FOR IMMEDIATE RELEASE: TUESDAY, JANUARY 19, 2016
CONTACT: Daria Ovide, 617-666-3799, firstname.lastname@example.org, @dariaovide
Anaheim City Council Ends Controversial Delay On Voting Districts
Voters in Latino-majority district to be included in first elections this November
ANAHEIM, Calif.— The Anaheim City Council approved what has been dubbed “The People’s Map” last week—after nearly scrapping the popular voting districts plan last month.
“Residents have been working for years to have our voices heard in City Hall,” said Martin Lopez, a long-time Anaheim resident and voting-rights advocate. “Now we need to keep showing up to City Council to keep the plan moving forward.” The next meeting of the Anaheim City Council is January 26.
Just before midnight last Tuesday, the Council voted 5–0 to approve the voting-districts map unanimously recommended by its Advisory Committee on Electoral Districts last year—what many in Anaheim call “The People’s Map.”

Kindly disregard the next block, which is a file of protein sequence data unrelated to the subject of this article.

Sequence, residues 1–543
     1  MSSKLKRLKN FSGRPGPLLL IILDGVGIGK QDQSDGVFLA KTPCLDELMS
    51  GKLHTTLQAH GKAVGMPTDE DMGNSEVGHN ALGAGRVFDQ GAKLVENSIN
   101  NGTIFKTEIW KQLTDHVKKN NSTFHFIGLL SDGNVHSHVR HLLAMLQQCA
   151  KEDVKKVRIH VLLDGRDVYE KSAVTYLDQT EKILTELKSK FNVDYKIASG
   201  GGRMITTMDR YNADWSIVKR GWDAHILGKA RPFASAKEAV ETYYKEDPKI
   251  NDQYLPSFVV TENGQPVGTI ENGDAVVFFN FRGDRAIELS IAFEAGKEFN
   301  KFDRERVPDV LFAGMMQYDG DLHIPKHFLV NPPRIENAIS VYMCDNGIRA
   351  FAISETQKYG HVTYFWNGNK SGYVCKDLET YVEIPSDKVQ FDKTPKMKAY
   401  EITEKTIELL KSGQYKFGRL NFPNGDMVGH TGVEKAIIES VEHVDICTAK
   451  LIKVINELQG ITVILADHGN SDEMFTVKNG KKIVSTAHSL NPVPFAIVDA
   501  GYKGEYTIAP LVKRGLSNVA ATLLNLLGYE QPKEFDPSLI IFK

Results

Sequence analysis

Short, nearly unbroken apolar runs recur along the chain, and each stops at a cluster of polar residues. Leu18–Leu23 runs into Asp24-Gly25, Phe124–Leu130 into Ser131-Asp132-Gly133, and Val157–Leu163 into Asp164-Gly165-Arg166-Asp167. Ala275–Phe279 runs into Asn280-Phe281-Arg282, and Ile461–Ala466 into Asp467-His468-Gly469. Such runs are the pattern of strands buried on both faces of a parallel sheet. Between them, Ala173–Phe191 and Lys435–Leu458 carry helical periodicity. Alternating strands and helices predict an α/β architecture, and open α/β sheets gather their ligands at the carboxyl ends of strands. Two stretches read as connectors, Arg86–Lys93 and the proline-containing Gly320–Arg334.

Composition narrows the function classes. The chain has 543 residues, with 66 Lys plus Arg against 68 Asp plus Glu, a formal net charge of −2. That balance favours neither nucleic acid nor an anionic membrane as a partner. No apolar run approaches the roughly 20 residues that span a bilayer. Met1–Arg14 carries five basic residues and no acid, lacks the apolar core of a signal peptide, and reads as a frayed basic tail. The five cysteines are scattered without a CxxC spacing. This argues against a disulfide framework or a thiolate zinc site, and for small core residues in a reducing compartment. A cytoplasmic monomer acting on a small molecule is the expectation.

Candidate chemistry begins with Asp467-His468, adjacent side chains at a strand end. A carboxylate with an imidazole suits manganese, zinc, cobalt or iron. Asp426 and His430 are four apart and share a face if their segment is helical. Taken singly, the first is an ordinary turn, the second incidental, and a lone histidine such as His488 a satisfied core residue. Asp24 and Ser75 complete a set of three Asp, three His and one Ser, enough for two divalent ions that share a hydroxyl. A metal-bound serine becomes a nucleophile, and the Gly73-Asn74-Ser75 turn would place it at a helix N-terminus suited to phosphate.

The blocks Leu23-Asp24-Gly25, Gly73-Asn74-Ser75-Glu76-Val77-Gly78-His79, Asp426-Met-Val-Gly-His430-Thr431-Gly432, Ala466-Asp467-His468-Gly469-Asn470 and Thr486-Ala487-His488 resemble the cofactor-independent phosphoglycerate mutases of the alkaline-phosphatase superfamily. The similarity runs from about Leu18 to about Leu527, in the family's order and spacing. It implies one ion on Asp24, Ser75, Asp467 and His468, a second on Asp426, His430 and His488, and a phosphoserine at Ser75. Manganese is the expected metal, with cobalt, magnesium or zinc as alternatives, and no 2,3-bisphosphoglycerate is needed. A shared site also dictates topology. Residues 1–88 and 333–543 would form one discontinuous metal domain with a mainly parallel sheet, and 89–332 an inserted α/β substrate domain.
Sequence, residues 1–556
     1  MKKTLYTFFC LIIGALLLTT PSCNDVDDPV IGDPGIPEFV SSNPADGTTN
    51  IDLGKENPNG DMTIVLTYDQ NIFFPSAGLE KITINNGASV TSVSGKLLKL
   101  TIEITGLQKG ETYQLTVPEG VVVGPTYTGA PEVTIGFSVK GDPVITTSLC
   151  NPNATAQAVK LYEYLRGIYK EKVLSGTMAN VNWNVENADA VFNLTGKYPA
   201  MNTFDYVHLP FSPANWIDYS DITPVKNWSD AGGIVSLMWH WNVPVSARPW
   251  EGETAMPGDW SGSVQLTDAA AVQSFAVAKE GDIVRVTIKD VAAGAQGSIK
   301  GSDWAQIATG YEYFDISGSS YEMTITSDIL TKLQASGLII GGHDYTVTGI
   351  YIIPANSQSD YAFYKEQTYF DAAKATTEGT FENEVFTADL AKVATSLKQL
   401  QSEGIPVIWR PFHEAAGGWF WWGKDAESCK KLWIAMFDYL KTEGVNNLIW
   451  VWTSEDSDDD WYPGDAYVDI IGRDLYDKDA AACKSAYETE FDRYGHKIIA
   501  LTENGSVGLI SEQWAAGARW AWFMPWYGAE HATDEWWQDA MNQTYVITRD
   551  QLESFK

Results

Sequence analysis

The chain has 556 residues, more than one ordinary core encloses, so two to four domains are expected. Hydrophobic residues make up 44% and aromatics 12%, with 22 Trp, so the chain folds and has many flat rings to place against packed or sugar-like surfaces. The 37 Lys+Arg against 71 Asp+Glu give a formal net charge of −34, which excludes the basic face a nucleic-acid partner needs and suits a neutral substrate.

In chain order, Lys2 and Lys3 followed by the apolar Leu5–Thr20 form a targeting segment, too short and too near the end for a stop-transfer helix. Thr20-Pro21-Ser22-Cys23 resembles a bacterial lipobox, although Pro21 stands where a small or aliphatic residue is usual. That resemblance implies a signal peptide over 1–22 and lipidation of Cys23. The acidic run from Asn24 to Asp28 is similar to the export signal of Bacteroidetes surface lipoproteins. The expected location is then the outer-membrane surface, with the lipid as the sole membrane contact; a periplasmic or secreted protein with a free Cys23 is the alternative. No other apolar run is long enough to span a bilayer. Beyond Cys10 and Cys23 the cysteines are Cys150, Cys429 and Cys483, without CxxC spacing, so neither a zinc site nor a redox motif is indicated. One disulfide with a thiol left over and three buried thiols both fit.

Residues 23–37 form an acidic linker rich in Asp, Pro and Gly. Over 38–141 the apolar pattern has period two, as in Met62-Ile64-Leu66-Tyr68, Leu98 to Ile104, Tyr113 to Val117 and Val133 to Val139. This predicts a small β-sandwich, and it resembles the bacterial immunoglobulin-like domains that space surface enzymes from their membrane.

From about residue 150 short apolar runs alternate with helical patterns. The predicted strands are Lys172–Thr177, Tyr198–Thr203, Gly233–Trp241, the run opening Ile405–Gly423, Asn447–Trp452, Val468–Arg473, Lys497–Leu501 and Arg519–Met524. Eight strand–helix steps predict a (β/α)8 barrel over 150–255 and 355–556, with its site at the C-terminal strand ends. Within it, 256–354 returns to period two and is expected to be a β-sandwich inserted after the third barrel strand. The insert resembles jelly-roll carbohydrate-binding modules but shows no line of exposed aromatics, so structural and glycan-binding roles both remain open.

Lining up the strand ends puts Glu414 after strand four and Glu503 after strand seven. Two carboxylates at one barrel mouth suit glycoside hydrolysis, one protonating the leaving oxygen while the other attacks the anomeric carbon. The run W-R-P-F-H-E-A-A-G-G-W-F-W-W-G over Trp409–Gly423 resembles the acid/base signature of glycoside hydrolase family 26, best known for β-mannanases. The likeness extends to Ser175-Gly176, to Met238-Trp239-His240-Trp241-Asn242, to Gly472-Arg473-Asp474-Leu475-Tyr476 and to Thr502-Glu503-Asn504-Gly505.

The Council also decided which districts will have their first votes later this year, sending districts 1, 3, 4, and 5 from The People’s Map to the November 2016 ballot. This sequencing was particularly controversial for District 3, which has a Latino majority. Latino residents make up 53 percent of the city’s population.
The People’s Map was nearly scrapped late last year. The Council commissioned a panel of five retired judges, who developed the voting districts map with community input throughout a five-month, ten-meeting process. Council initially approved the map in October, but at a December 8 meeting, members of the City Council threw out the Committee– and community-recommended map and recommended to start over in February 2016.
At the following meeting on December 15, a coalition of residents and immigrant– and voting-rights groups staged a protest in Council chambers, saying the delay would undermine a years-long civic process designed to improve electoral representation for marginalized groups.
“The People’s Map”—and the series of community hearings that created it—arose from a settlement of a 2012 voting rights lawsuit against the City of Anaheim. The suit was filed weeks before two back-to-back fatal shootings of young Latino men by Anaheim police that resulted in four days of civil unrest.
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